Diagnosis of meningococcal infection
- Michael Apicella, MD
Michael Apicella, MD
- Emeritus Professor of Microbiology and Internal Medicine
- The University of Iowa
- Section Editors
- Stephen B Calderwood, MD
Stephen B Calderwood, MD
- Editor-in-Chief — Infectious Diseases
- Section Editor — Bacterial Infections
- Professor of Medicine (Microbiology and Immunobiology)
- Harvard Medical School
- Morven S Edwards, MD
Morven S Edwards, MD
- Section Editor — Pediatric Infectious Diseases
- Professor of Pediatrics
- Baylor College of Medicine
Neisseria meningitidis is the second most common cause of community-acquired adult bacterial meningitis in the United States . Since routine vaccination of infants with the Haemophilus influenzae type b capsular conjugate vaccine was introduced, N. meningitidis has become the leading cause of bacterial meningitis in children and adolescents in the United States. (See "Bacterial meningitis in children older than one month: Clinical features and diagnosis", section on 'Causative organisms'.)
The clinical manifestations of meningococcal disease can be quite varied, ranging from transient fever and bacteremia to fulminant disease with death ensuing within hours of the onset of clinical symptoms. (See "Clinical manifestations of meningococcal infection".)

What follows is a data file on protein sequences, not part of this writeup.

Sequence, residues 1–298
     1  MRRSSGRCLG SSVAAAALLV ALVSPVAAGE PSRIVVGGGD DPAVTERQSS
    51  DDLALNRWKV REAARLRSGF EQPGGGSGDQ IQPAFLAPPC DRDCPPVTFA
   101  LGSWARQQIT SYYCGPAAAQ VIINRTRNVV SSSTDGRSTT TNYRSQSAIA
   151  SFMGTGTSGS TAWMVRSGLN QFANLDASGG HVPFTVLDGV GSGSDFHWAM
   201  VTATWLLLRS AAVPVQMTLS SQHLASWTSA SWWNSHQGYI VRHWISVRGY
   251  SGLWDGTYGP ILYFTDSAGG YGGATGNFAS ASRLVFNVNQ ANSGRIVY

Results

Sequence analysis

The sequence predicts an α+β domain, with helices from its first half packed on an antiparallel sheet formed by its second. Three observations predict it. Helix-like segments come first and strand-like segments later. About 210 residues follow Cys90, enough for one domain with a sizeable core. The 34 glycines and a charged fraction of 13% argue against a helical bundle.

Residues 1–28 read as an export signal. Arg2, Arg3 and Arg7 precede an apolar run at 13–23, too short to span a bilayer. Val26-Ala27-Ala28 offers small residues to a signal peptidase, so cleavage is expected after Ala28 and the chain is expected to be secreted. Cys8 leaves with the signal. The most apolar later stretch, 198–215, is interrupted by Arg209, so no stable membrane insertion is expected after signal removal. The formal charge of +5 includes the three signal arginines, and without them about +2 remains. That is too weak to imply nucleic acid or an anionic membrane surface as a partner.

The diagnosis of meningococcal infection will be reviewed here [2-4]. The gold standard for the diagnosis of systemic meningococcal infection is the isolation of N. meningitidis from a usually sterile body fluid, such as blood or cerebrospinal fluid, or, less commonly, synovial, pleural, or pericardial fluid.
The microbiology, pathogenesis, epidemiology, treatment, and prevention of N. meningitidis infection are discussed separately. (See "Microbiology and pathobiology of Neisseria meningitidis" and "Epidemiology of Neisseria meningitidis infection" and "Treatment and prevention of meningococcal infection".)
It is important to isolate the organism not only to confirm an etiology of infection but also to perform antibiotic susceptibility testing. Meningococci with increasing resistance to the penicillins, chloramphenicol, and cephalosporins have been reported [5-10].To continue reading this article, you must log in with your personal, hospital, or group practice subscription. For more information on subscription options, click below on the option that best describes you:
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